Andrew Jackson Montgomery, adventurer, businessman, soldier, and surveyor, was born near Maryville, Tennessee, on April 4, 1801, to William and Mary (James) Montgomery. By 1816 the family was living in Alabama. In 1819, at the age of eighteen, Montgomery took part in the filibustering expedition of James Long into Texas. His duties included scouting the territory between the camps that Long established in East Texas. Montgomery's connections among the Bidai Indians enabled him to remain in hiding in Texas after the Spanish drove out most of the rest of the expedition. Subsequently, the Mexicans successfully rebelled against their Spanish masters, making it possible for Montgomery to establish, in 1823, a trading post on the lower Coushatta Trace, an Indian trail stretching between the Brazos and Trinity rivers. Intersecting this trace from north to south at Montgomery's post was the Indian trail known as the Loma del Toro. Montgomery advertised for and welcomed settlers to the trading post and to the budding community surrounding it, which was known at first as Montgomery Prairie. By 1827 much of his family had joined him, including his father, his uncle James, and his aunt Margaret and her husband, Owen Shannon. These Montgomerys were all cousins of Gen. Richard Montgomery of Revolutionary War fame. Before the construction of Fort Parker in 1835, Montgomery did surveying in the area as well as near the Brazos Falls for the Nashville Colony. During the Texas Revolution he served as a private and fought in the battle of San Jacinto. On April 21, 1860, he served as vice president of the convention that nominated his friend and former commander, Sam Houston, for president of the United States. Montgomery eventually moved a few miles west to the community now known as Stoneham. The settlement that he had established near his trading post continued to use the name Montgomery, and in 1837 Montgomery County was named after the town. At the age of forty-three Montgomery married Mary Mahulda Farris, and they had nine children. He died in 1863 and was buried in Stoneham. Source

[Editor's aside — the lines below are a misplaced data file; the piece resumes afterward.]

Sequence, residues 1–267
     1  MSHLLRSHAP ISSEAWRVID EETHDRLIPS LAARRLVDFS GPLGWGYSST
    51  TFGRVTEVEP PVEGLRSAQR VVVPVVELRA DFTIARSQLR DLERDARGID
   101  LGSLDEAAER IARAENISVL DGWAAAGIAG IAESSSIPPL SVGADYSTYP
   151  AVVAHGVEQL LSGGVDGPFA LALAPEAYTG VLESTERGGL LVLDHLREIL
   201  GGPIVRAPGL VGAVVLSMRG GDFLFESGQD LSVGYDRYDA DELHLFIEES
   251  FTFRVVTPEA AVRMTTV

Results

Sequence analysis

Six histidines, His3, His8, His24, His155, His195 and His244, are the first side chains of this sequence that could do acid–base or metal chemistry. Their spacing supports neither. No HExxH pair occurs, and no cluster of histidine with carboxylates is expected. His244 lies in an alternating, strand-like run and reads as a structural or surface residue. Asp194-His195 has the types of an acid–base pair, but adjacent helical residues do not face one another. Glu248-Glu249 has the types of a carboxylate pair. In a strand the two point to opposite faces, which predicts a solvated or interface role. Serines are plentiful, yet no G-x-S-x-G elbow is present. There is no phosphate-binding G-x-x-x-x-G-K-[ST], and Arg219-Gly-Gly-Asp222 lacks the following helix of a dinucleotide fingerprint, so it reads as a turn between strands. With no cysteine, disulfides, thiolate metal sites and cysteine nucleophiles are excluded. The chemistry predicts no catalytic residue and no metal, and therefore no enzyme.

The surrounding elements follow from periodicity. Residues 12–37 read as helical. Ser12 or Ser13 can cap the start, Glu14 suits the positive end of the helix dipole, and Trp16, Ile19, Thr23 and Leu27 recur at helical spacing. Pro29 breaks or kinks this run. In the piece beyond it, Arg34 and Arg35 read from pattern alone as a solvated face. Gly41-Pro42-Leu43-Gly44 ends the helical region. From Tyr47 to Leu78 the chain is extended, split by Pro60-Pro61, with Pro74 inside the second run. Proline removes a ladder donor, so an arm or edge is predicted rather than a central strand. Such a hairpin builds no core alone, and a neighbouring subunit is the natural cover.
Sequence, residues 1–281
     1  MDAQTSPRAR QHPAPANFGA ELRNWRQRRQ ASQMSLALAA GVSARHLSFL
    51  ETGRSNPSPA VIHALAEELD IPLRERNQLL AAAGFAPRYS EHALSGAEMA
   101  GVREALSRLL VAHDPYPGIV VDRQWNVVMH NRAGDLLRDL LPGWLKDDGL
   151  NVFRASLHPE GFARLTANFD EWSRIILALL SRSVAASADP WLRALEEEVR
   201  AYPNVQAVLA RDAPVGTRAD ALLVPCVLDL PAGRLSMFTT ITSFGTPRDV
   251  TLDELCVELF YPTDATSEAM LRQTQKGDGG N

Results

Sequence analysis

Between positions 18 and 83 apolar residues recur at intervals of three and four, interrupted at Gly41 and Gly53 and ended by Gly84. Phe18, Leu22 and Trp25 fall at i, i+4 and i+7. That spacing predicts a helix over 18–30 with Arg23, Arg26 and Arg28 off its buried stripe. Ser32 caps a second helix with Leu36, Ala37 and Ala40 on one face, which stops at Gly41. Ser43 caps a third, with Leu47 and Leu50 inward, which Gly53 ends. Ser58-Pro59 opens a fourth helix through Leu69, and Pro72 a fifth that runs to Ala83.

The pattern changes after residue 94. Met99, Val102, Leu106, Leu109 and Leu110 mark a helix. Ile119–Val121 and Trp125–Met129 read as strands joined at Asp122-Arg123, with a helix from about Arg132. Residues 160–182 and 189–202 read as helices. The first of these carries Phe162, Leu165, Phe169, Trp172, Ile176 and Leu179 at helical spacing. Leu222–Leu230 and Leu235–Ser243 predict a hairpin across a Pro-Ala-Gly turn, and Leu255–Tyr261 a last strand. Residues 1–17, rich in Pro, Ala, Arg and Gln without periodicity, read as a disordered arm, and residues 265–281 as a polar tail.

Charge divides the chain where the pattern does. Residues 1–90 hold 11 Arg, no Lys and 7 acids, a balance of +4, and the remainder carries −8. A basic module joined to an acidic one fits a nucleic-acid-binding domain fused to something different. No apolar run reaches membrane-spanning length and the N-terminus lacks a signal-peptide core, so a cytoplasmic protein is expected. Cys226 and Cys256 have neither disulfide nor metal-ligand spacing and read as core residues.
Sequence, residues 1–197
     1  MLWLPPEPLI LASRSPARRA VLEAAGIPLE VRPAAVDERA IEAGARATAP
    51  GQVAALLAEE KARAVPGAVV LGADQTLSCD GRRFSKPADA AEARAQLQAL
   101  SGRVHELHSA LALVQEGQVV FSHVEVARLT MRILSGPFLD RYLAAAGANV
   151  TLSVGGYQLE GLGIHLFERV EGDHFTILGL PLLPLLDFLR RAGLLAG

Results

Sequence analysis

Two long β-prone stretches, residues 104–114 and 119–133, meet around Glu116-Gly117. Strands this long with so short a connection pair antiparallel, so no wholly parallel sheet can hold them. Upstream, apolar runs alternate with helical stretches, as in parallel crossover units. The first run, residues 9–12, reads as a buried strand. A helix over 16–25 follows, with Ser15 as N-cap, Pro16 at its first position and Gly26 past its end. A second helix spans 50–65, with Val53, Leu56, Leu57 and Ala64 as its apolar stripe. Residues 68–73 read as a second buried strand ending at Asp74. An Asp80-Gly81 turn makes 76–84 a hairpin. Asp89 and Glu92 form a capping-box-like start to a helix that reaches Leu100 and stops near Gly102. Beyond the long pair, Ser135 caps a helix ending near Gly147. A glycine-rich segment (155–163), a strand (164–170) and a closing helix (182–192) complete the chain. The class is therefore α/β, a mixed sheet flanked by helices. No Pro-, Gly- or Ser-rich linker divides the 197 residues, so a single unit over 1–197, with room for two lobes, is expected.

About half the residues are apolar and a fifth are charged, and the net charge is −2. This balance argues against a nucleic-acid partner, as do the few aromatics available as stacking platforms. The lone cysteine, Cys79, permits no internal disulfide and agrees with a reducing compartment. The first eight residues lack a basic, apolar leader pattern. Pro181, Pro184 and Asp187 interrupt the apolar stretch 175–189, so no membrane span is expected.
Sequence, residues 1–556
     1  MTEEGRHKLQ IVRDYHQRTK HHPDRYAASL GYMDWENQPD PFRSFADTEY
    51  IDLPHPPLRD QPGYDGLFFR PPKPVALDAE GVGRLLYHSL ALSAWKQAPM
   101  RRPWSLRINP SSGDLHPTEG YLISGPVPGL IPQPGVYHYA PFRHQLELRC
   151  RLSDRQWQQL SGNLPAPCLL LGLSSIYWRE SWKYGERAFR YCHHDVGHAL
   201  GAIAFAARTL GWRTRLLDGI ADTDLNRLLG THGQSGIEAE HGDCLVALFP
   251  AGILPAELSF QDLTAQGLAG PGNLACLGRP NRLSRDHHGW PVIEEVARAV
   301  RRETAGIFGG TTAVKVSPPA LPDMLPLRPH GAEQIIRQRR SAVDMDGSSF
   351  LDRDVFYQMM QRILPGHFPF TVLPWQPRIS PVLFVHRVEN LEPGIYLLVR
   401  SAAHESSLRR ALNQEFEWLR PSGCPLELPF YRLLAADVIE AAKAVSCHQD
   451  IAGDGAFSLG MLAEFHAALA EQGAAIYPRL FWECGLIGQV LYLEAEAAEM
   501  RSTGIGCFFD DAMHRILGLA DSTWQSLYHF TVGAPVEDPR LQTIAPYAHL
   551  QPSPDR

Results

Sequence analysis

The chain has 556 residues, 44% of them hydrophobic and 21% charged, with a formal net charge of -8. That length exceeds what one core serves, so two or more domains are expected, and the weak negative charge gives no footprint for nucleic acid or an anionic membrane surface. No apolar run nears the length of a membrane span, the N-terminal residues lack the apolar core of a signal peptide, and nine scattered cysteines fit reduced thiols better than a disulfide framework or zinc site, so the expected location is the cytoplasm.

Maxime "Max" Faget was born at Stam Creek, British Honduras, on August
26, 1921. His father, noted physician Dr. Guy Faget was conducting
research on tropical diseases there for the British government at the
time (he later developed the first successful treatment for leprosy).
Max attended San Francisco Junior College in San Francisco, California,
before receiving a Bachelor of Science degree in Mechanical Engineering
from Louisiana State University in 1943. He then served as a naval
officer during World War II, seeing considerable combat in the Pacific